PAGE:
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October 8, 1999

4 Min Read
Automotive designs are going modular

Is Henry Ford, the man who made mass production possible using assembly lines and piece-part suppliers, turning in his grave? Today's automotive OEMs aren't really interested in the answer. They have a new mantra, one that Ford might even like if he were still alive. They want modules, not parts. And by whittling down their supplier list, it seems they want these modules to come from a select group of Tier Ones known as systems integrators. Meanwhile, scores of automotive suppliers of all tier levels are now being asked, once again, to change the way they do business. And one of the primary changes involves design.

Integrators responsible for an assembly are delegating more of the design work for subassembly parts to their suppliers. In addition, the Big Three now hold design competitions, in which several suppliers and their related tiers are allowed to design modules and position themselves for the next vehicle generation. The integrator with the best design gets the business. Criteria for winning include innovation and cost efficiency.

In a recent interview with IMM, two modular-assembly specialists at GE Plastics Automotive-John Madej, director of marketing for modular systems development, and Jim Puscas, market development manager for front ends-related these and other current trends driving automotive design. "In general, one of the challenges that Tier One suppliers see from the OEM is that they are now responsible for the entire system, not just the part," Madej says. "Another interesting change, as integrators begin to work with tier suppliers at all levels, is that former competitors may turn out to be suppliers or customers."

Restructuring to Meet Demands
Madej believes this sourcing issue could involve some restructuring in the industry. "Automakers may allow integrators to source components wherever they choose, which is the true integrator role; however, it's possible that we'll continue to see some direct sourcing by the OEM in which it specifies where components are purchased."

As OEMs move toward purchasing a module from one Tier One integrator with all other suppliers moving to the Tier Two level, companies that want to retain their Tier One status are buying smaller suppliers and reorganizing their operations. According to Puscas, front-end modules are one example. They consist of four main subassemblies: cooling, forward lighting, appearance (fascia), and energy management (bumper beam). "Some tiers are forming groups within their business that do only front ends. These groups used to be functional chimneys. For example, a forward lighting supplier (Hella) and cooling system supplier (Behr) recently entered into a joint venture to produce front-end modules in Europe."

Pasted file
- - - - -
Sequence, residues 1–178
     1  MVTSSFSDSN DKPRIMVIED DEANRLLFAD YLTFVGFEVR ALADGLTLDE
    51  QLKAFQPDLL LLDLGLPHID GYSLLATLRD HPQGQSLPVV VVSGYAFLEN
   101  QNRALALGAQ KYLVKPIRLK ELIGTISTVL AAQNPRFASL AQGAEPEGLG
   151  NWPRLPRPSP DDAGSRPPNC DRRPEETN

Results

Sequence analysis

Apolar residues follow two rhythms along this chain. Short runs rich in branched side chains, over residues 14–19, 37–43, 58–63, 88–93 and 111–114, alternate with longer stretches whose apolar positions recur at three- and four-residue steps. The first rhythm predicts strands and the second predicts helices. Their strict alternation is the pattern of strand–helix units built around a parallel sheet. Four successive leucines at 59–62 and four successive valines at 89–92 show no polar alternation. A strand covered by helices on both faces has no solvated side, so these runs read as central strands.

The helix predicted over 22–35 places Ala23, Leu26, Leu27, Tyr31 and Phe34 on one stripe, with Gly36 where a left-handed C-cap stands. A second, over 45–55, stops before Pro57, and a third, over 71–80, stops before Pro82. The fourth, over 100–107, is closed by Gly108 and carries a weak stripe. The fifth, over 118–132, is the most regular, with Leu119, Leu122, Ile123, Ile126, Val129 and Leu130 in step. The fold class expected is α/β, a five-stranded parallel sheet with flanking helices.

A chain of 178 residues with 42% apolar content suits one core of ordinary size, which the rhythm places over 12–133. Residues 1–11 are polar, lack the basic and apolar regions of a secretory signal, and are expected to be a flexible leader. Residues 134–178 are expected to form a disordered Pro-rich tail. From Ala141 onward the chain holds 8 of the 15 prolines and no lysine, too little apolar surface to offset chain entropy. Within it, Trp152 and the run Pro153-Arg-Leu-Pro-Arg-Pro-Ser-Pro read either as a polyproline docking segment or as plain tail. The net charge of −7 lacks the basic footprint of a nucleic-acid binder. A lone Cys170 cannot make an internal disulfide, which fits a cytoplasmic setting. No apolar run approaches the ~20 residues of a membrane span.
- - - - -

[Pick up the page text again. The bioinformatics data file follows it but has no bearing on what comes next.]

As integrators reorganize, they may rely on Tier Two and Tier Three molders for those design and processing areas they lack (see related story). "Suppliers will want to retain their expertise and cost positions in certain areas," Puscas says. "It's important to have core competency."

Door Module Starts Trend
One of the first modular systems that Madej and Puscas worked on at GE was the Super Plug door module in 1995. Since that time, GE has torn down at least 25 door systems and designed modular versions. "From a resource standpoint, we have set ourselves up for the modular trend," Madej says. "We changed our facility, redesigning half of the building into the Innovation Center, to be able to maximize our process." That process is divided into five areas: benchmark and teardown, DFMA (design for manufacturability analysis using Boothroyd Dewhurst software), concept development and brainstorming, CAE and predictive engineering, and real-life correlation and prototype testing.

For door modules, the first four steps of the process can now be accomplished in a mere three weeks. "We are still working on reducing the cycle time for front-end modules and wiper systems," says Puscas. But members of a module engineering team, including OEMs, integrators, molders, and moldmakers, come to the Center and often colocate for weeks until a project is completed. "We've had people here every day since it opened," adds Madej.

Lessons learned at the Center can be applied to many automotive design projects. "We learned one of the key strategies for modules from door systems," Puscas says. "We can design something that will work, but the key is to get the business case to make sense. From an engineering standpoint, we optimize the design for performance, but we also optimize for cost. It's no use working on a program that won't meet cost targets even though it performs."

In fact, an underlying feature of all of the processes is taking cost out, a pivotal concern in the automotive industry. With modular design, there may be a markup issue, because the integrator is marking up all the parts before assembling them. Successful designs must take out cost.

Front ends a la carteFront-end modules are definitely a reality in Europe, where several suppliers are manufacturing them. The Volkswagen Group, including Audi, is leading the pack of OEMs that purchase front-end systems. Several European Tier Ones-Hella-Behr, Valeo, Expert Components, and Faurecia-have a front-end system in production.

Although there are no domestic Tier One integrators producing full front-end modules yet, three U.S. suppliers are known to have business plans supporting front-end system development. These include Visteon, Delphi, and Magna.

Contact information
GE Plastics Automotive
Southfield, MI
John Madej
Phone: (248) 351-8064
Fax: (248) 351-8533
Web: www.geplastics.com
E-mail: [email protected]

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